• path(s) to header file(s) where python includedir suffix will default to package name.
add_extension(name, sources, **kw)[source]

Add extension to configuration.

Create and add an Extension instance to the ext_modules list. This method also takes the following optional keyword arguments that are passed on to the Extension constructor.

Parameters :

name : str

name of the extension

sources : seq

list of the sources. The list of sources may contain functions (called source generators) which must take an extension instance and a build directory as inputs and return a source file or list of source files or None. If None is returned then no sources are generated. If the Extension instance has no sources after processing all source generators, then no extension module is built.

include_dirs : :

define_macros : :

undef_macros : :

library_dirs : :

libraries : :

runtime_library_dirs : :

extra_objects : :

extra_compile_args : :

extra_link_args : :

extra_f77_compile_args : :

extra_f90_compile_args : :

export_symbols : :

swig_opts : :

depends : :

The depends list contains paths to files or directories that the sources of the extension module depend on. If any path in the depends list is newer than the extension module, then the module will be rebuilt.

language : :

f2py_options : :

module_dirs : :

extra_info : dict or list

dict or list of dict of keywords to be appended to keywords.

Notes

The self.paths(...) method is applied to all lists that may contain paths.

add_library(name, sources, **build_info)[source]

Add library to configuration.

Parameters :

name : str

Name of the extension.

sources : sequence

List of the sources. The list of sources may contain functions (called source generators) which must take an extension instance and a build directory as inputs and return a source file or list of source files or None. If None is returned then no sources are generated. If the Extension instance has no sources after processing all source generators, then no extension module is built.

build_info : dict, optional

The following keys are allowed:

  • depends
  • macros
  • include_dirs
  • extra_compiler_args
  • extra_f77_compiler_args
  • extra_f90_compiler_args
  • f2py_options
  • language
add_scripts(*files)[source]

Add scripts to configuration.

Add the sequence of files to the beginning of the scripts list. Scripts will be installed under the <prefix>/bin/ directory.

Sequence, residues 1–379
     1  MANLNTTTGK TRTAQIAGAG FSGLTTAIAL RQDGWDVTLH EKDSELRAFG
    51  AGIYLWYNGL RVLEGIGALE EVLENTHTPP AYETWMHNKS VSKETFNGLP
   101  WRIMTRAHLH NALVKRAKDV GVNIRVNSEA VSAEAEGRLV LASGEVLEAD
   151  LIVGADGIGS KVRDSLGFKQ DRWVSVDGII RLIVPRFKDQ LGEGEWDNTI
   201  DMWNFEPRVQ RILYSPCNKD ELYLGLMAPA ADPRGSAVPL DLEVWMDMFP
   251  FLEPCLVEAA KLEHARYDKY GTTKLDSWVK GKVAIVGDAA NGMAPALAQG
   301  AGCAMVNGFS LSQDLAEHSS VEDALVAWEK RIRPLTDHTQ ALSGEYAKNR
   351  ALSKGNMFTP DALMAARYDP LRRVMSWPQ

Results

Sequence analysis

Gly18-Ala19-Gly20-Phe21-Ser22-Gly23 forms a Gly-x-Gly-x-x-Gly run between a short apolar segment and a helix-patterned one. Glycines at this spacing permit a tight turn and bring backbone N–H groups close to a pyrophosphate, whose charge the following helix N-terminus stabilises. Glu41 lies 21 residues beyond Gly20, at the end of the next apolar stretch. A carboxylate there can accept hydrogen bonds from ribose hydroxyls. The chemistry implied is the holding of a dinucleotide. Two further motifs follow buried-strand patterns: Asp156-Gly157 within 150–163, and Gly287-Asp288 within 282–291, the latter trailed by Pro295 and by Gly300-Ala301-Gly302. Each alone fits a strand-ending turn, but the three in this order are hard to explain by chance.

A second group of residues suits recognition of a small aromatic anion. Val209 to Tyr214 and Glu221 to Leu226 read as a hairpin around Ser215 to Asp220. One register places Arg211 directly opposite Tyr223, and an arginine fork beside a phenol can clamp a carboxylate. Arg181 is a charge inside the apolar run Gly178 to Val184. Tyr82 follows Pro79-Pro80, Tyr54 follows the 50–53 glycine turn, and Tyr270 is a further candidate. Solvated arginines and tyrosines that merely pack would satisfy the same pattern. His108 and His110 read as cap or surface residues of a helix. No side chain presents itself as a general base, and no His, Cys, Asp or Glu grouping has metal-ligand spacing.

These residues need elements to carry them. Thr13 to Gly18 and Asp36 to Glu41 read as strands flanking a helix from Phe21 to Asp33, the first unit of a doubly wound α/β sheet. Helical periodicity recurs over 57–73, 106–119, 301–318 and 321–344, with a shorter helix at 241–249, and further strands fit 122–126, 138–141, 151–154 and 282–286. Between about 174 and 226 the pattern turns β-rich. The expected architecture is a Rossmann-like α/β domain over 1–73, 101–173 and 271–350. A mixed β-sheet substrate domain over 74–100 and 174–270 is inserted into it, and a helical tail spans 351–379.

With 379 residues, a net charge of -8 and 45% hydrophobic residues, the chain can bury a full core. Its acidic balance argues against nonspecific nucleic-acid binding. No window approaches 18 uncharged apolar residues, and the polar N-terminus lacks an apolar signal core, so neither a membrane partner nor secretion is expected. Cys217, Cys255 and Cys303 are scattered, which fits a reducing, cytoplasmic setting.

add_installed_library(name, sources, install_dir, build_info=None)[source]

Similar to add_library, but the specified library is installed.

Most C libraries used with distutils are only used to build python extensions, but libraries built through this method will be installed so that they can be reused by third-party packages.

Parameters :

name : str

Name of the installed library.

sources : sequence

List of the library’s source files. See add_library for details.

install_dir : str

Path to install the library, relative to the current sub-package.

build_info : dict, optional

The following keys are allowed:

  • depends
  • macros
  • include_dirs
  • extra_compiler_args
  • extra_f77_compiler_args
  • extra_f90_compiler_args
  • f2py_options
  • language
Returns :

None :

Notes

The best way to encode the options required to link against the specified C libraries is to use a “libname.ini” file, and use get_info to retrieve the required options (see add_npy_pkg_config for more information).

add_npy_pkg_config(template, install_dir, subst_dict=None)[source]

Generate and install a npy-pkg config file from a template.

The config file generated from template is installed in the given install directory, using subst_dict for variable substitution.

Parameters :

template : str

The path of the template, relatively to the current package path.

install_dir : str

Where to install the npy-pkg config file, relatively to the current package path.

subst_dict : dict, optional

If given, any string of the form @key@ will be replaced by subst_dict[key] in the template file when installed. The install prefix is always available through the variable @prefix@, since the install prefix is not easy to get reliably from setup.py.

Notes

This works for both standard installs and in-place builds, i.e. the @prefix@ refer to the source directory for in-place builds.

Examples

config.add_npy_pkg_config('foo.ini.in', 'lib', {'foo': bar})

Assuming the foo.ini.in file has the following content:

[meta]
Name=@foo@
Version=1.0
Description=dummy description

[default]
Cflags=-I@prefix@/include
Libs=